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by Brett Davis

New spy shots have emerged showing the Murcielago successor in the most detail we’ve seen so far. Although the car is covered in black tape and sheeting, the bodywork is highly distinguishable.

Deep front air intakes dominate the front end whilst a very flat bonnet flows straight up over the windscreen and over the roof.

The roof also appears to be concave, something not usually seen on a supercar, which could provide greater air flow. It’s hard to tell just how concave though from images alone.

We’ve never seen these wheels before either. They might be the production wheels coloured matte black for camouflaging purposes.

Like the Murcielago, there’s a huge side air intake to gulp in fresh air for the engine’s cooling systems. Even the doors come second to airflow priority; they’re completely cut out to allow for more flow. The fins on the doors are likely to be there for camouflage purposes.

From this angle we can see just how slippery and flat the nose goes up over the roof line. Engine air intakes are placed over the shoulders of the driver, like the Murcielago.

From here we can see more evidence of that concave roof. Notice the yellow under-colour on the side mirror proving what extraordinary lengths Lamborghini has gone to to conceal as much detail as possible.

The rear end is obviously squared-off for camouflaging purposes, the production version isn’t likely to be as ‘sharp’. Notice the Reveton style engine cover flutes.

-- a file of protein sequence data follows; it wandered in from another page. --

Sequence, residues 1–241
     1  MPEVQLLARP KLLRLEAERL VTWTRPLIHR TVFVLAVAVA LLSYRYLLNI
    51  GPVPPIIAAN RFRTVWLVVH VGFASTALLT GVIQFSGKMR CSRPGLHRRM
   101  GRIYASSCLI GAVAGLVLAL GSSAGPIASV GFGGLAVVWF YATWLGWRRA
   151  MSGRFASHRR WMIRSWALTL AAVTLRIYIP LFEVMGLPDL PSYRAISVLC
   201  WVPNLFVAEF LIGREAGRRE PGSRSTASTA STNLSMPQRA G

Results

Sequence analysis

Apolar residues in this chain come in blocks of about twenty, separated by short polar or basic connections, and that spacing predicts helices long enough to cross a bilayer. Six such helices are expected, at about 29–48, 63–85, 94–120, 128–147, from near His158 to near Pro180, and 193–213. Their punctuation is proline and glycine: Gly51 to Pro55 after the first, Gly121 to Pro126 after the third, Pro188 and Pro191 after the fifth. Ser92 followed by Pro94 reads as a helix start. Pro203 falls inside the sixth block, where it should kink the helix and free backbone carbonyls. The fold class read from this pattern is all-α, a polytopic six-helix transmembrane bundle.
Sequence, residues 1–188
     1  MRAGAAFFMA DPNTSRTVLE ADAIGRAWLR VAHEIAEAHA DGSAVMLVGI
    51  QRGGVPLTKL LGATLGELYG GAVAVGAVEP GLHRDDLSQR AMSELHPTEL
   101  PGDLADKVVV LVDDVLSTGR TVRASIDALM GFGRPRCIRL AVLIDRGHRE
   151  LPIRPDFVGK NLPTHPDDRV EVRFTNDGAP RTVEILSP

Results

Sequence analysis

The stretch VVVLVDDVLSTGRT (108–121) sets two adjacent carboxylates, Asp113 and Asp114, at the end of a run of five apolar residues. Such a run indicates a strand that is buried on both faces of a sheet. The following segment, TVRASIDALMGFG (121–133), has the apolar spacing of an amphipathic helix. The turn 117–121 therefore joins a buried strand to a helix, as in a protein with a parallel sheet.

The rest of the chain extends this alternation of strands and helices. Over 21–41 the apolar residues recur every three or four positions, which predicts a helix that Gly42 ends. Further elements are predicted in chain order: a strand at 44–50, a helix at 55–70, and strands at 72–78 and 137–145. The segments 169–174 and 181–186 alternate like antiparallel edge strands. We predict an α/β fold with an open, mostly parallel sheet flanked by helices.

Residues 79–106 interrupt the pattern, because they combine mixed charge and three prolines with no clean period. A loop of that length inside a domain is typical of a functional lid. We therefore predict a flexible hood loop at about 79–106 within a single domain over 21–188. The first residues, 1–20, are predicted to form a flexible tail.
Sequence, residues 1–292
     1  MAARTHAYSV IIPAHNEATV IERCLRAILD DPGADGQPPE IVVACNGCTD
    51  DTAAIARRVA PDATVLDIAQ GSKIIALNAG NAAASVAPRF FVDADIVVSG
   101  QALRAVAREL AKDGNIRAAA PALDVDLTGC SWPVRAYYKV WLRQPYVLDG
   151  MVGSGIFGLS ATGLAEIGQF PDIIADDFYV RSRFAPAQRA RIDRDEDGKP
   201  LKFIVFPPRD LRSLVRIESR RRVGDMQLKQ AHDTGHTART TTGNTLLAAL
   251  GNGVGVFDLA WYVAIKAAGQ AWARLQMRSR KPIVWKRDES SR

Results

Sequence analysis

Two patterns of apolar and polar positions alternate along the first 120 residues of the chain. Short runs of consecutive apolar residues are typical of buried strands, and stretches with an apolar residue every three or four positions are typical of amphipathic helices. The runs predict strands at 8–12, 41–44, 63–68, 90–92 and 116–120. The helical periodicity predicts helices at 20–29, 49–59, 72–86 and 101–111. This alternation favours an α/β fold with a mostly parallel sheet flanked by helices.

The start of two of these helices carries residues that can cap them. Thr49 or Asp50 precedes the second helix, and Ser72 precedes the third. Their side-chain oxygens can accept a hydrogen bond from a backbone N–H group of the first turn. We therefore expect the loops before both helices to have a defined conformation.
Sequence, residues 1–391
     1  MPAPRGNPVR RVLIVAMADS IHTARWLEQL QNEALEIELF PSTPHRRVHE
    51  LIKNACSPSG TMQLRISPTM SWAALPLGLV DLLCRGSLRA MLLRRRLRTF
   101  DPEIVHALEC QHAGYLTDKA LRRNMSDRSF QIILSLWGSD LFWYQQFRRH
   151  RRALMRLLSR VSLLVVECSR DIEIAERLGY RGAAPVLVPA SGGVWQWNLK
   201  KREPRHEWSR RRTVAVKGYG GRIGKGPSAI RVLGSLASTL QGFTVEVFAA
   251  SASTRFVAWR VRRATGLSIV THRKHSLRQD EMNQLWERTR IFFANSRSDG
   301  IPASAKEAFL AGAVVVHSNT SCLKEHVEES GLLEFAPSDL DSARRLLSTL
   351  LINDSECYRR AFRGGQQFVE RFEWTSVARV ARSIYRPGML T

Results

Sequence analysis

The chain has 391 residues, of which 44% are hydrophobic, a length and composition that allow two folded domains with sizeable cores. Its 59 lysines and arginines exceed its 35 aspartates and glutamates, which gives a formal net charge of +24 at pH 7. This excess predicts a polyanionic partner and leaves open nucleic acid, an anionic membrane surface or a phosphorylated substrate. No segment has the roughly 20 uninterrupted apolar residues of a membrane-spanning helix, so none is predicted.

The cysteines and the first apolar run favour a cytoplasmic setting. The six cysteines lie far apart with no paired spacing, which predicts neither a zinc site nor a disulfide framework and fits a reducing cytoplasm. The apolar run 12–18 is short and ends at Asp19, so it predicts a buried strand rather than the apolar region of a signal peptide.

From the image above we can also see a confused exhaust outlet arrangement, possibly used as a camouflaging decoy. The rear lights are hidden underneath the pointy cover attached to the rear deck edge.

Additional shots of the car being tested on Nurburgring show the car with typical mesh-style track wheels. Notice the little triangle window in front of the side mirrors below.

The size of the car alone is enough to label it as Lamborghini’s largest car. Speculations say the engine will be a V12 again, like the Murcielago, but it will be fitted with direct-injection and output around 520kW.

From here we can see the air-brake rear spoiler raising up on the top edge of the rear. There also seems to be some sort of intake or even an outlet cut-out (image below) which could be used to release second-hand air out in front of the rear wheel.

The new Jota is said to retain an all-wheel drive system but reports say it could adopt a Swedish Haldex setup, developed in conjunction with Lamborghini.

There’s been little confirmation from Lamborghini on these details though so we can’t conclude anything at this stage. Even the name ‘Jota’ comes from source-related rumours. It is very likely the Murcielago name will be dropped judging from past Lamborghini models however, which have always taken on a new name.

Lamborghini hasn’t confirmed if the car will debut at the Paris Motor Show in a couple of weeks either. It’ll be a fantastic media frenzy if it is unveiled there though. We’ll keep you updated.




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